‘Outsider art’ in the traditional sense – i.e. Jean Dubuffet’s description – alludes to an isolated artist, working on the periphery of the mainstream art world. Contrary to this controversial belief, many of the most notable ‘outsider artists’ of the twentieth century were supported, encouraged and ‘outed’ by some of the most famous ‘mainstream’ artists of the same century. This series of blog posts will highlight a few of these relationships, in the hope of rectifying the general thought that artists that often sit under the umbrella of ‘outsider art’ were completely immune to and separate from the twentieth century ‘mainstream’ art world. In fact, many of the ‘masters’ of modern art were hugely influenced by these relationships.
#1 Bill Traylor and Charles Shannon
#2 Alfred Wallis and Ben Nicholson
# 2: Alfred Wallis and Ben Nicholson
In St. Ives in 1928 came another chance meeting of two celebrated twentieth century artists – that of self-taught Cornish fisherman Alfred Wallis (1855 – 1942) and modern favourite, Ben Nicholson (1894 – 1982). This union occurred when Nicholson and a friend, Christopher Wood, came across Wallis’s paintings nailed to a wall beside an old fisherman’s cottage during a visit to the area. Nicholson saw in Wallis’s work what he wanted to achieve in his own – a certain fresh naivety. Nicholson documented their meeting: “On the way back from Porthmeor Beach, we passed an open door in Back Road West and through it saw some paintings of ships and houses on odd pieces of paper and cardboard nailed up all over the wall, with particularly large nails through the smallest ones. We knocked on the door and inside found Wallis, and the paintings we got from him then were the first he made.”
Much like Bill Traylor, Wallis is another artist who discovered his creative side later on in life, at the age of 68 after the death of his wife. In his earlier years, it is thought that Wallis went to sea as a fisherman – possibly even from the age of nine. Taking up painting after his retirement from a shop selling salvaged marine goods in St. Ives, Wallis used old torn boxes and ship paints to create his masterpieces.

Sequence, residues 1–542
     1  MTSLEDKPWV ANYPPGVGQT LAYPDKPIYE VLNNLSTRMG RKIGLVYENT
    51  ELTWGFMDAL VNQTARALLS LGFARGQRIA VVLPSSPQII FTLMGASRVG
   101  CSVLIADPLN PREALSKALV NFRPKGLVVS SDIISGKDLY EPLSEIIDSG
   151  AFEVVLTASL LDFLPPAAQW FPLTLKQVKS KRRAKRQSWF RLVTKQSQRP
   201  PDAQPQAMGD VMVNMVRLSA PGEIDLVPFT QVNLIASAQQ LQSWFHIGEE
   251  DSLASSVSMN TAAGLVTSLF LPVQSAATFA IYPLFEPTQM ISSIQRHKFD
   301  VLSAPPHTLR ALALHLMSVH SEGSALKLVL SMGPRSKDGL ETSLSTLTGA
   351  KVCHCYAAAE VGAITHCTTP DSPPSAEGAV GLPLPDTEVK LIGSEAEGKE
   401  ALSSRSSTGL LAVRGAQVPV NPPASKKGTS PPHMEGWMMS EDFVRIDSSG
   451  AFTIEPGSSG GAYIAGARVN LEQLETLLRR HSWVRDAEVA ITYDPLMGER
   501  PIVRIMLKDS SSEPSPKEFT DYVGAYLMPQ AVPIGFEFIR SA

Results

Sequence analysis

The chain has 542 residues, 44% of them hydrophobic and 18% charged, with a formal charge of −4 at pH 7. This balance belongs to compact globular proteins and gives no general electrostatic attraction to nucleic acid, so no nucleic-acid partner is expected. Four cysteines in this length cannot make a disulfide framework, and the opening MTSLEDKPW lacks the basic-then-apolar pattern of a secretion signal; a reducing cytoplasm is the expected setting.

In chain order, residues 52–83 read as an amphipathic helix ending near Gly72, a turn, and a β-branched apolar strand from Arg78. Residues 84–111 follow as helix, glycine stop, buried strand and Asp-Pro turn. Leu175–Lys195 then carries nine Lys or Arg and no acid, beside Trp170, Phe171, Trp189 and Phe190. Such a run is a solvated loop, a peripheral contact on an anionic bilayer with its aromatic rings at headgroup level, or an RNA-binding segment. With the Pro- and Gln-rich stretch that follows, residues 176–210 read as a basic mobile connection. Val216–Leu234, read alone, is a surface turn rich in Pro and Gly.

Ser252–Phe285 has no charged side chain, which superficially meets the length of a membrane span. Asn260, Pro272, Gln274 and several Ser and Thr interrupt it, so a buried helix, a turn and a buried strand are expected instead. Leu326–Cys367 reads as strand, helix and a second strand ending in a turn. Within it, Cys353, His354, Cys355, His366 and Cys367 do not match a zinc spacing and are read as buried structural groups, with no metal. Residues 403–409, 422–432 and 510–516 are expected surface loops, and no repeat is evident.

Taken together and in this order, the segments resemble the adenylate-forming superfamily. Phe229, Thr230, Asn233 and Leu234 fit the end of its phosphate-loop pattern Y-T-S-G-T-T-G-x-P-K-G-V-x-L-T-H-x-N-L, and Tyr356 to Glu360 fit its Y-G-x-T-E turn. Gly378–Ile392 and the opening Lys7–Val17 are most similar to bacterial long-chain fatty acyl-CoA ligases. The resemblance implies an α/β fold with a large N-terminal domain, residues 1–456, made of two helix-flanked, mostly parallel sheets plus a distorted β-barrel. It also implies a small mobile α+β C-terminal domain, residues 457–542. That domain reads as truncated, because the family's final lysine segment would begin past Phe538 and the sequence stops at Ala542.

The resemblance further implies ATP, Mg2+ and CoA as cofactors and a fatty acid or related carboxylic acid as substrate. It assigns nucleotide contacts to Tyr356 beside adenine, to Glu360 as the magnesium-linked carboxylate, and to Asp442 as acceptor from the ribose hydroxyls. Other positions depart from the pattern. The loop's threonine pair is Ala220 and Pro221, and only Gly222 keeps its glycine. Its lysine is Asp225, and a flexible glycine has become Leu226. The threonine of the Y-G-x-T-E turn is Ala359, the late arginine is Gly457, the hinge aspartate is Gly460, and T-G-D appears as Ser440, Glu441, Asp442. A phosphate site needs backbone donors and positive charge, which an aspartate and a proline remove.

In an article authored by Nicholson in 1948, the artist compared Wallis’s style of working to that of Paul Klee:
“He would cut out the top and bottom of an old cardboard box, and sometimes the four sides, into irregular shapes, using each shape as the key to the movement in a painting, and using the colour and texture of the board as the key to its colour and texture. When the painting was completed, what remained of the original board, a brown, a grey, a white or a green board, sometimes in the sky, sometimes in the sea, or perhaps in a field or a lighthouse, would be as deeply experienced as the remainder of the painting.”
Wallis’s works are incredibly evocative of what we now see as a self-taught, uninhibited, and untutored style. He largely ignores perspective and often, the objects depicted will vary in size depending on how much importance the artist gave to them.
Michael Glover, writing for the Independent during a joint exhibition celebrating the works of both Wallis and Nicholson at Compton Verney in 2011, speaks of Nicholson’s behaviour towards the older artist: “He began to patronize the old man, and to buy his paintings for the price of a meal or two. After he returned to his smart home in London, Wallis continues to send him batches, bound up with string and brown paper. Nicholson’s friends bought them too. Wallis began to be lionised a bit by the London avant-garde – Herbert Read and his friends.”
Nicholson’s interest in Wallis didn’t bring his work great recognition during his lifetime – Wallis continued to live in poverty after the meeting, despite Nicholson’s valiant attempts to promote the self-taught artist’s work and bring it to the attention of the burgeoning modern art scene. We know now, however, that that fateful chance meeting between the two – patronising aside – would in fact set the older artist up to become recognised as one of the most prolific and original 20th Century British artists. His unique ‘primitive’ portrayal of boats and ships provided inspiration to many artists, and his work is undoubtedly considered highly influential in the development of British Modernism.
#2 Alfred Wallis and Ben Nicholson
 Cornwall Calling
 Ben Nicholson, ‘Alfred Wallis’ in Horizon, Vol. VII, No. 37, 1943
 Michael Glover, ‘Alfred Wallis and Ben Nicholson, Compton Verney, Warwickshire’ . 31 March 2011 [Available Online]